Moreporks Nest is a hidden gem and well worth an extended stay. They offer backpacker accommodation inside the homestead, tent sites on the front lawn and a large parking area at the entrance for self-contained RVs at $15 a night per van. And it lives up to its name; Moreporks gently  (or otherwise) 'more...pork' you to sleep from the pines up behind the campsite every night.

The 130 year old colonial home was originally situated in Gisborne, where it was once occupied by nuns and operated as a school. It was shifted to Te Araroa in 1985 and is slowly being restored to its former glory. A section of the top storey was removed when it arrived and is now one of the whanau's homes down the road.

There's a great communal kitchen and BBQ area at the back of the main house and laundry, toilets & showers available too. It's also one of the very few places around the coast where you can fill up with water; and lovely spring water at that. Most people are on tank supply and water is a valuable commodity for the locals. 

I do feel very sad for Moreporks Nest though, they are about to loose a fair bit of their trade. This is not good for any East Coast business where it is a daily struggle to survive. And the reason? There is a new NZMCA Park about to open just half a kilometre down the road, the digger was parked up ready to attack the paddock a few days after we left.

Te Araroa village is not very big and I know that having the NZMCA Park in town is going to bring a lot of other business to the settlement but sadly it's also going to take some away from Moreporks Nest. I hope people will still support Moreporks, it's a lovely place with charming hosts.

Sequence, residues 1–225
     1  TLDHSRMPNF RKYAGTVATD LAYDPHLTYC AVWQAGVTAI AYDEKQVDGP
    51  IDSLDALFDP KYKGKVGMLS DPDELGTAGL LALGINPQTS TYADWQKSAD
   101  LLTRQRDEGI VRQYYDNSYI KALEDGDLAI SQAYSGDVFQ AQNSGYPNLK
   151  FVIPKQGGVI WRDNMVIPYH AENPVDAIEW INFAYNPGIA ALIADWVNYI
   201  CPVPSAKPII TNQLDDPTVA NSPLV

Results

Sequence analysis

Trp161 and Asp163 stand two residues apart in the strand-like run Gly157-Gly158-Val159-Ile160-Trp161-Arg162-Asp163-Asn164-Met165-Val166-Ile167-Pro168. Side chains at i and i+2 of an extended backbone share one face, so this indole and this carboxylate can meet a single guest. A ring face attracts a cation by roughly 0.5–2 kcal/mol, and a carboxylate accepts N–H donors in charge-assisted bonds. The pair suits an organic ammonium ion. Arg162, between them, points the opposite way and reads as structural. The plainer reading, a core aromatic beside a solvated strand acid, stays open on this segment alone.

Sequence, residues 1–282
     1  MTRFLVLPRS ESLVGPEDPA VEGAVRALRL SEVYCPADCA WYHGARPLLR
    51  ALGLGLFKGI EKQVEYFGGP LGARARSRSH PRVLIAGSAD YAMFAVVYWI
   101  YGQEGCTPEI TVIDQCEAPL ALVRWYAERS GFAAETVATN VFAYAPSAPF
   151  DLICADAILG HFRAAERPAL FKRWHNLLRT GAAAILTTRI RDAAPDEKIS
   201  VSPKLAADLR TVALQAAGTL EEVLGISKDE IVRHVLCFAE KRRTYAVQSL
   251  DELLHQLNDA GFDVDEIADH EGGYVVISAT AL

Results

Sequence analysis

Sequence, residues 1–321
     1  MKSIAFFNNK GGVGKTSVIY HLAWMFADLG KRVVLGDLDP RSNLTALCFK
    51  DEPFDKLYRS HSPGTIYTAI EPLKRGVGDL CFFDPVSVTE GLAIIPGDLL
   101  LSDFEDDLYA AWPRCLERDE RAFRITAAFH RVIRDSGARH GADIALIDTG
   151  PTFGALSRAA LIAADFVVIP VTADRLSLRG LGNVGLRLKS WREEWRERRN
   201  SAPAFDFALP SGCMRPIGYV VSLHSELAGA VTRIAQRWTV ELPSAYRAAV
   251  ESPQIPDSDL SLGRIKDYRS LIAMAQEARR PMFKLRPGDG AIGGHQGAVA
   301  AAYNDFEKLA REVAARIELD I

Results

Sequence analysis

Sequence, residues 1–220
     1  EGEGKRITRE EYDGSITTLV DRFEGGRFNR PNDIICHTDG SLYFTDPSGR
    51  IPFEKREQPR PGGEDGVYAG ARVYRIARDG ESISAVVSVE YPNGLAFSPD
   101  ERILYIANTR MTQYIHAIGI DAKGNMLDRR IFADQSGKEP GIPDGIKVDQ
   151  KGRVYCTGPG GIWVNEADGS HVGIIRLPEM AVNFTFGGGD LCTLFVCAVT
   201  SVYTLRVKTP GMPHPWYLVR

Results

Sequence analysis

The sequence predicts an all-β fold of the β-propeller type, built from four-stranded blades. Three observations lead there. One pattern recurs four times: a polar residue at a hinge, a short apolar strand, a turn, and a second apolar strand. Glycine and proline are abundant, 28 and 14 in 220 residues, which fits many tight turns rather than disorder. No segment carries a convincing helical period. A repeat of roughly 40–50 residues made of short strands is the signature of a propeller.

Site of the new Te Araroa NZMCA Park
Of course our first day of exploring was out to East Cape and the lighthouse. We first visited the lighthouse back in 2011 when we did a quick three day loop in our car from Tauranga up the Eastern Bay of Plenty, round the Cape and down to Gisborne, then back home through the Waioeka Gorge. David recalls the number of steps involved and is reluctant to commit to climbing them again. He comes along for the ride anyway, all 22kms and much of it gravel.

It's a beautiful sunny, calm autumn day but you can see from the hillside how ferocious the wind blows out here along the Cape road. The last time I saw bush sculptured like this was in South Westland on the West Coast near Haast. 

I get excited when, just as the road leaves the coast for a short distance to cross a river, I think I spy some horses on the beach. We turn around and head back and sure enough, there are horses resting on the sand near the water line. Two of them are cooling off by actually laying on the wet sand, did you spot them?